Why did Fedorov choose the 6.5x50SR? Because it was a smaller, lighter recoiling round that would allow him to design a small, controllable lightweight general-issue automatic weapon for the infantry – if that’s not an “assault rifle”, I don’t know what is! Indeed, the Fedorov is much, much lighter than contemporary light machine guns, weighing only 9.7 pounds unloaded. Still, it’s a controllable weapon as illustrated by the video embedded in the post above.

      The Avtomat is even called an “assault rifle”. In Russian, the terms “pulemyot” (пулемёт) and “pistolet-pulemyot” (пистолет-пулемёт) are used for machine guns (including magazine-fed automatic rifles, like the DP), and submachine guns, respectively. “Avtomat” (автомат), while not precisely analogous to “assault rifle” (it’s closer to “automatic carbine” in definition), is used virtually exclusively to refer to rifles considered assault rifles in the West, for example the AK series of rifles.

      The full-power, select-fire AVS-36, in contrast, is designated differently. It’s not an “avtomat”, instead, it’s called “avtomaticheskaya vintovka” (автоматическая винтовка, almost directly translating to “automatic rifle”). So it seems the Russians saw a major difference between the Fedorov Avtomat and the AVS-36, putting them in two different categories. Just eight years later, the Russians would be back to using “avtomat” to refer to true assault rifles as part of their program that would eventually lead to the famous AK-47.

      As for not having a pistol grip, in no definition I have seen anywhere is a pistol grip included as a necessary feature for a gun to qualify as an assault rifle. If it were, several weapons widely recognized as assault rifles (such as the Ruger AC-556) would have to be disqualified.

      • ostiariusalpha

        Perhaps it is possibly beneficial to differentiate between large-frame assault rifles like the Fedorov and EM-2, medium-frame assault rifles like the AK and AR, and small-frame guns like the M1 Carbine.

        • In which case the MP.44 is a “large frame” assault rifle, since it’s heavier than the Avtomat.

          • ostiariusalpha

            I was mostly referencing the action length, but maybe it might be just as well to put the MP-44 in the large frame category. Is there some way to clearly label the action lengths without causing confusion with the full power cartridge action terms?

          • No, especially since the 6.5x50SR is longer than the 7.62 NATO.

            If anything, I think small arms historiology has a problem of over-categorization, and over-definition, which has caused people to obsess over things that are essentially semantic, thereby forgetting the actual capabilities of a given weapon.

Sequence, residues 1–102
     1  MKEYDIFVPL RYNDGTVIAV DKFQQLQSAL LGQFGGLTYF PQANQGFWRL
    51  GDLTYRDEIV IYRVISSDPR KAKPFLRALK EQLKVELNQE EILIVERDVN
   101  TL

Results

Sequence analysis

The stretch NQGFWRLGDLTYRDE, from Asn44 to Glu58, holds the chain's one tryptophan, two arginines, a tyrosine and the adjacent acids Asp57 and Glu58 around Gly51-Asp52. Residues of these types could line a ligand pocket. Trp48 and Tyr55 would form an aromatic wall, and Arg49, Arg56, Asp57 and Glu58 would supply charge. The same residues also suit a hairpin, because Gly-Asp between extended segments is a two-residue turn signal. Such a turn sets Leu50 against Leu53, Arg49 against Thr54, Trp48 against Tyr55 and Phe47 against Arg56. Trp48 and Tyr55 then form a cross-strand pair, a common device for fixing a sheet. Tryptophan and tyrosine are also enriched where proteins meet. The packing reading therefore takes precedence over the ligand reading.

An excellent example of what I’m talking about would be the MKb.42(H), which everyone agrees is an assault rifle, in the same category as an M16. Now the PPSh-41 is a submachine gun, again, everyone agrees. Except, categorizing them this way actually obfuscates reality, as the actual capabilities of the MKb.42(H) are far closer to the PPSh-41 than they are to the M16!

          • ostiariusalpha

            Uh oh! Categoryville is under attack! This is a job for pedanticalpha!

            *Spoiler Alert*
            The vast majority of comment readers that don’t give a crap about epistemology should not even bother with the “see more” button and just skip right on past. A few hairs are going to be split here.

            First off, I’m going to p_ssy out here and say that you are objectively, completely correct. Cartridge performance is as mind-numbingly infinitely differentiable as an analytic function, and just as defiant of any attempt to use synthetic classifications. So that is that, end of discussion…

            …With just one exception that I would argue is actually pretty vitally important; that is, that one of the most primal and powerful tools of investigative thought and experimentation is to granularize any analog information and make it open to categorical interpretation. Every that paid attention in science class knows that color is simply a difference in wave amplitude: so much clearly an analog phenomenon that people use the term spectrum as a metaphor for describing any

          • ostiariusalpha

            Uh-oh! Categoryville is under attack! This is a job for pedanticalpha!

            *Spoiler Alert*
            The vast majority of comment readers that don’t give a crap about epistemology should not even bother with the “see more” button and just skip right on past. A rather long-winded splitting of hairs is ahead; you are forewarned.

            First off, I’m going to p_ssy out here and say that you are objectively, completely correct. Cartridge performance is as mind-numbingly infinitely differentiable as an analytic function, and just as defiant of any attempt to use synthetic classifications. So that is that, end of discussion…